So, it's time to face it: We won't see any solo Batman movie for the next, maybe, 5 years. The highly expected Dawn of Justice will give us a new vision of a Batman who shares a filmic universe with other DC giants. So far so good, but we can't deny, that deep inside of us, we all wish again for a stand-alone production for Gotham's greatest detective.
With no doubt, it's clear that in some point, and to help himself create a new Batman, Zack Snyder watched all the previous films made for this wonderful character. Yes, even the Schumacher ones. Now that we have the Nolan Trilogy fresh in our memories, it has become even more entertaining to talk about those 2 movies every DC Comics fan hates: Batman Forever and Batman & Robin.
There are plenty articles talking about and analyzing every single part our dear Joel did wrong with his vision, but it can't be all that bad, right... Right? So, even when I know how awful these films are, I have made a great effort to watch them again and save 10 elements Schumacher should be proud of, and that weren't repeated or improved by his successor: Christopher Nolan.
Difficult? Hell yeah! But definitely not impossible.
10. Batman recognizes Superman's existence.
Maybe in that time the line "That's why Superman works alone" wasn't a big deal, but just imagine what would happen if the same words were repeated by Christian Bale in the bat-suit today: everybody would freak out! In a simple, sarcastic dialogue, Schumacher creates a expended DC universe that supports the idea of having Kal-El around Gotham. Yes, it only makes sense if we over think about it, but it is still awesome.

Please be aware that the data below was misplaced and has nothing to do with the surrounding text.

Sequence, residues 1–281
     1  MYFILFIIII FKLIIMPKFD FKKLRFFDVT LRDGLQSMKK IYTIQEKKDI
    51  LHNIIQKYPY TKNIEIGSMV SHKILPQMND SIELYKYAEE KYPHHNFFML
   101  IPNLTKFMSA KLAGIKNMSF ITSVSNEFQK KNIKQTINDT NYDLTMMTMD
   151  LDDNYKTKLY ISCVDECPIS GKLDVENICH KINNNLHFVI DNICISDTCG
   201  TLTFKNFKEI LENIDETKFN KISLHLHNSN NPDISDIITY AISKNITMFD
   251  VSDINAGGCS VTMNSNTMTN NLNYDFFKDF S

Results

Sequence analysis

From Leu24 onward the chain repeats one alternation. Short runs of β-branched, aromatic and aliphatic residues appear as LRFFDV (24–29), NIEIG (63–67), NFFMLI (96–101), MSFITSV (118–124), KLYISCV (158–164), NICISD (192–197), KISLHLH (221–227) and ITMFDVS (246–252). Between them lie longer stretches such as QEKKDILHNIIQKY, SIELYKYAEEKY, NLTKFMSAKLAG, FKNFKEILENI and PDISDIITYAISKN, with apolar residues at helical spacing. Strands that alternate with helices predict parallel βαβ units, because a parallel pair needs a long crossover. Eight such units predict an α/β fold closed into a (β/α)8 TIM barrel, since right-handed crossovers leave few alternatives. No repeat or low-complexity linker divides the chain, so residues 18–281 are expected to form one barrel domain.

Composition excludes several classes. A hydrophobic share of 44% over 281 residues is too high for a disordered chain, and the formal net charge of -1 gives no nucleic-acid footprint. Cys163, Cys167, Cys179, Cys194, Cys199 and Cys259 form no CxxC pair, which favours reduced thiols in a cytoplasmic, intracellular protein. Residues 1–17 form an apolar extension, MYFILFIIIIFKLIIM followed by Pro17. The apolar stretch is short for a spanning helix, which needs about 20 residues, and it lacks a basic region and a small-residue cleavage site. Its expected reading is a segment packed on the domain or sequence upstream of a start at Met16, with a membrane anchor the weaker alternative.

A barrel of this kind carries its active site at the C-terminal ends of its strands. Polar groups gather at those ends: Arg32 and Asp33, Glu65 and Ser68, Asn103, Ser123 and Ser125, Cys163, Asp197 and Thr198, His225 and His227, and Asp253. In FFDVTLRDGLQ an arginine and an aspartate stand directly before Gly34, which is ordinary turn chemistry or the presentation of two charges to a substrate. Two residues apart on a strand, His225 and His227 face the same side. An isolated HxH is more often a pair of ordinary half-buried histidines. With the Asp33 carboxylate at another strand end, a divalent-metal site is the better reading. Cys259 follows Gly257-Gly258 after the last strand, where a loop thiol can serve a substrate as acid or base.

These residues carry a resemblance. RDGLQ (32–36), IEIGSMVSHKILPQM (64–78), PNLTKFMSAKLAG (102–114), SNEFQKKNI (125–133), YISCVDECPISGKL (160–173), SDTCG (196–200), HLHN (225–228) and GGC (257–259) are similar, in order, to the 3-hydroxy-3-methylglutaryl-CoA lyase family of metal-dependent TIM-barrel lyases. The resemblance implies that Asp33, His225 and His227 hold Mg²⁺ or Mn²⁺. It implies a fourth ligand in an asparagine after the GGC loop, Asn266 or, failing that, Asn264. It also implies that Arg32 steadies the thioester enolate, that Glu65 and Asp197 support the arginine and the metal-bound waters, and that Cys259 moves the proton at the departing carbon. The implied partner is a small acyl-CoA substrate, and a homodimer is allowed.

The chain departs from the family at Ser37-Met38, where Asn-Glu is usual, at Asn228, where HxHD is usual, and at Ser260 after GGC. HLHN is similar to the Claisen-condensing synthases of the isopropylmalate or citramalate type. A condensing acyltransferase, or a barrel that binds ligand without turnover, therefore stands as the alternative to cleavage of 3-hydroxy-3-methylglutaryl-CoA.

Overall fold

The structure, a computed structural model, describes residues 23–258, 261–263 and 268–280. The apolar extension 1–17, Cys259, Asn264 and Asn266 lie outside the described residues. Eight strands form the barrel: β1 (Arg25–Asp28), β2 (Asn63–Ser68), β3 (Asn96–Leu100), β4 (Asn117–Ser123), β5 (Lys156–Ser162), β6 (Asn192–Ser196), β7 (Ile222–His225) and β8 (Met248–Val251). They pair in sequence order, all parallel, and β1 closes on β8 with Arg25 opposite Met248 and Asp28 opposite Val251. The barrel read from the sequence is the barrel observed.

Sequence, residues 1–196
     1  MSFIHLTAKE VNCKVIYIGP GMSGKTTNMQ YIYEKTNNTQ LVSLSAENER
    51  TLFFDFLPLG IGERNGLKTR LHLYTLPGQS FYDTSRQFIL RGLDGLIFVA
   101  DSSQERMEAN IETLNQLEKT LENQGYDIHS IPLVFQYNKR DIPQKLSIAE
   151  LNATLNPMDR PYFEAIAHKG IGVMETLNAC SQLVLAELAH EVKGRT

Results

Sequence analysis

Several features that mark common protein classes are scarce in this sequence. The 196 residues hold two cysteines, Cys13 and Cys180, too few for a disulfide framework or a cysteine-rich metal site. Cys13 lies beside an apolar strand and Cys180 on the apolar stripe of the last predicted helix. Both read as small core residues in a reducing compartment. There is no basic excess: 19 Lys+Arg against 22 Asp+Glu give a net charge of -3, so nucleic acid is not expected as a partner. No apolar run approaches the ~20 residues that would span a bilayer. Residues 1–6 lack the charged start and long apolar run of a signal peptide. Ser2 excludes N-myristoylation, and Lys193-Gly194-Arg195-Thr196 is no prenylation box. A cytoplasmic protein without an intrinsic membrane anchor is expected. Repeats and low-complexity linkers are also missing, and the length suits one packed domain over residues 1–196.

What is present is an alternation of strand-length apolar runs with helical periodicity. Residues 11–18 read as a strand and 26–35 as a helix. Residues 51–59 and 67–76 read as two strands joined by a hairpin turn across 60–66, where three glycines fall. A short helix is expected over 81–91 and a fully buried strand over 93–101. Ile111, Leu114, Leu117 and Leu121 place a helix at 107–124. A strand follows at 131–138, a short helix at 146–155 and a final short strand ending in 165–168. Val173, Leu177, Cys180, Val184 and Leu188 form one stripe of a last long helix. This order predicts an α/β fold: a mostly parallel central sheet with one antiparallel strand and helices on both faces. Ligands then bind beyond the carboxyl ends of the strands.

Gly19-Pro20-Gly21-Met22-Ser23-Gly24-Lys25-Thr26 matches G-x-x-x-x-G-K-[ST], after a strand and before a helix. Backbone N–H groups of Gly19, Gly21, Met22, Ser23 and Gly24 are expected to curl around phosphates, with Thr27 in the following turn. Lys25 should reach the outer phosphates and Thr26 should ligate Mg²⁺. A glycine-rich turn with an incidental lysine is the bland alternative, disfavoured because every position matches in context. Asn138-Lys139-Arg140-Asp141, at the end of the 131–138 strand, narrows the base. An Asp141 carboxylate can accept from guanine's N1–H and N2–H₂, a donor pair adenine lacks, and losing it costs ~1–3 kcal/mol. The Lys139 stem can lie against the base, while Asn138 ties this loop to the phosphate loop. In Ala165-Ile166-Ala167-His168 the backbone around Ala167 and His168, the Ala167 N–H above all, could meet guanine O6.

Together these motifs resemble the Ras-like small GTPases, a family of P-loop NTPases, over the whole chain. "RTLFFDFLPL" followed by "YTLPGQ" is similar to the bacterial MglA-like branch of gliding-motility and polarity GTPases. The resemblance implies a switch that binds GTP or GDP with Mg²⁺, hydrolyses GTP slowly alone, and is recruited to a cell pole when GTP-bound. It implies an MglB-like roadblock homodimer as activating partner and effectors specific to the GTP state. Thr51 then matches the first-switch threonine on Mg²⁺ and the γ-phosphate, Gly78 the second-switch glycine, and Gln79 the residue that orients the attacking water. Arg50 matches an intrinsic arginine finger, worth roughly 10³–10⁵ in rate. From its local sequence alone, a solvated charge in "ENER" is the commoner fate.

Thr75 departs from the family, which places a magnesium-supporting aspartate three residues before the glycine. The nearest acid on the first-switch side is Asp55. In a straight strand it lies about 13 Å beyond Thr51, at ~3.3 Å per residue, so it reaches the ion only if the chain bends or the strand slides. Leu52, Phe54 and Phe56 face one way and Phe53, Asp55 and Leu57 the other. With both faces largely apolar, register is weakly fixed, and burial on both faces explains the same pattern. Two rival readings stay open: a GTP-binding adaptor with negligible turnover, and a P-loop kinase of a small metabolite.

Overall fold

For those hardcore fans, the director had already given a hint to the Superman's mythology in Batman Forever. Remember when Val Kilmer asks where Dick is heading after visiting the Wayne Manor? Dick answers he could arrive in a few hours to a near city called... Metropolis.
9. Opening / Ending Scenes.
From Burton to Nolan, and dismissing which one is our favorite, ALL Batman movies have cool ending scenes, ALL of them. Burton started with a magnificent view of the Caped Crusader watching the Bat-signal in the top of a building, an element that was present in every ending sequence in Batman movies until The Dark Knight.